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Cancer Cell. 2014 May 12;25(5):605-20. doi: 10.1016/j.ccr.2014.03.021.

A positive feedback loop between mesenchymal-like cancer cells and macrophages is essential to breast cancer metastasis.

Author information

  • 1Guangdong Provincial Key Laboratory of Malignant Tumor Epigenetics and Gene Regulation, Medical Research Center, Sun Yat-Sen Memorial Hospital, Sun Yat-Sen University, Guangzhou 510120, China; Breast Tumor Center, Sun Yat-Sen Memorial Hospital, Sun Yat-Sen University, Guangzhou 510120, China.
  • 2Guangdong Provincial Key Laboratory of Malignant Tumor Epigenetics and Gene Regulation, Medical Research Center, Sun Yat-Sen Memorial Hospital, Sun Yat-Sen University, Guangzhou 510120, China; Breast Tumor Center, Sun Yat-Sen Memorial Hospital, Sun Yat-Sen University, Guangzhou 510120, China; Department of Medical Oncology, No. 2 Affiliated Hospital, Guangzhou Medical College, Guangzhou 510260, China.
  • 3Department of Internal Medicine, The First Affiliated Hospital, Shantou University Medical College, Shantou 515041, China.
  • 4Guangdong Provincial Key Laboratory of Malignant Tumor Epigenetics and Gene Regulation, Medical Research Center, Sun Yat-Sen Memorial Hospital, Sun Yat-Sen University, Guangzhou 510120, China.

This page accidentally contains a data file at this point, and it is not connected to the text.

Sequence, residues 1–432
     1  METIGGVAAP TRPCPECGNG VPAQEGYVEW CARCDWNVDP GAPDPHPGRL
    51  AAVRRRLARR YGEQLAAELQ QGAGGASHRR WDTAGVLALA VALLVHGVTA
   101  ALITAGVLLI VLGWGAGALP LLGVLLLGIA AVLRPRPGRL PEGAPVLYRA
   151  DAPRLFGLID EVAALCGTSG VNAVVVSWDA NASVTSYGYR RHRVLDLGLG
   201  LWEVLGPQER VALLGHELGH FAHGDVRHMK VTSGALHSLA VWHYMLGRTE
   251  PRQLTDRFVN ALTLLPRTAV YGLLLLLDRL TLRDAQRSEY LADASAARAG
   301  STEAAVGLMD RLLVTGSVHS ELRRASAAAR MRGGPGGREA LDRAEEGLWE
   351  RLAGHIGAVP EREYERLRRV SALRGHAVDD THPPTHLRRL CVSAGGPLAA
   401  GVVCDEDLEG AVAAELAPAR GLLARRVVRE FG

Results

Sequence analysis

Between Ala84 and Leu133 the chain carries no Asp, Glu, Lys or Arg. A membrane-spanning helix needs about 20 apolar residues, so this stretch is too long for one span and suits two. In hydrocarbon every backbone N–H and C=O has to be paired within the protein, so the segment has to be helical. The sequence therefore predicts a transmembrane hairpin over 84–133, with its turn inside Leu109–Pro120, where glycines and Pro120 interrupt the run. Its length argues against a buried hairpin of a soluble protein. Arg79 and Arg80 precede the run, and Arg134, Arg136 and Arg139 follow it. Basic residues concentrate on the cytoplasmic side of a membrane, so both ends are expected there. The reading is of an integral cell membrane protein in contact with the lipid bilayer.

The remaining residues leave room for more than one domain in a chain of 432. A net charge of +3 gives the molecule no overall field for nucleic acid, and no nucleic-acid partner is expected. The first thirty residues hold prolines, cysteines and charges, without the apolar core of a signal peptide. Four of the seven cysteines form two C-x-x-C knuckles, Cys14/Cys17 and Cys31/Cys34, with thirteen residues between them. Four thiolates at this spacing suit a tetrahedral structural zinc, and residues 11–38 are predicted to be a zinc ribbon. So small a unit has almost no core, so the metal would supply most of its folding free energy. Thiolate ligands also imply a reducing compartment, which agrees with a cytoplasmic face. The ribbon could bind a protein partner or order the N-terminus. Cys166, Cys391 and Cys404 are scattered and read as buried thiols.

• 5Department of Breast Surgery, Tianjin Medical University Cancer Institute and Hospital, Tianjin 300060, China.
  • 6Department of Oncology, Sun Yat-Sen Memorial Hospital, Sun Yat-Sen University, Guangzhou 510120, China.
  • 7Guangdong Provincial Key Laboratory of Malignant Tumor Epigenetics and Gene Regulation, Medical Research Center, Sun Yat-Sen Memorial Hospital, Sun Yat-Sen University, Guangzhou 510120, China; Breast Tumor Center, Sun Yat-Sen Memorial Hospital, Sun Yat-Sen University, Guangzhou 510120, China. Electronic address: songew@mail.sysu.edu.cn.

Abstract

The close vicinity of cancer cells undergoing epithelial-mesenchymal transition (EMT) and tumor-associated macrophages (TAMs) at the invasive front of tumors suggests that these two cell type may mutually interact. We show that mesenchymal-like breast cancer cells activate macrophages to a TAM-like phenotype by GM-CSF. Reciprocally, CCL18 from TAMs induces cancer cell EMT, forming a positive feedback loop, in coculture systems and humanized mice. Inhibition of GM-CSF or CCL18 breaks this loop and reduces cancer metastasis. High GM-CSF expression in breast cancer samples is associated with more CCL18(+) macrophages, cancer cell EMT, enhanced metastasis, and reduced patient survival. These findings suggest that a positive feedback loop between GM-CSF and CCL18 is important in breast cancer metastasis.

Copyright © 2014 Elsevier Inc. All rights reserved.

PMID:
24823638
[PubMed - indexed for MEDLINE]
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